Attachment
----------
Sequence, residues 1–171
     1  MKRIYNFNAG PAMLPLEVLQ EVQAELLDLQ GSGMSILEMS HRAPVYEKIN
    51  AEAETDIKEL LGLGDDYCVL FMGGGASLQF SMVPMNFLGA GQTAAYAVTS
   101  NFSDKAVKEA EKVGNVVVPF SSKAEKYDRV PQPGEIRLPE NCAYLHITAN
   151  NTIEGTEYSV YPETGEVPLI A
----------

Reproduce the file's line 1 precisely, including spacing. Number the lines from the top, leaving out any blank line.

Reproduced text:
Sequence, residues 1–171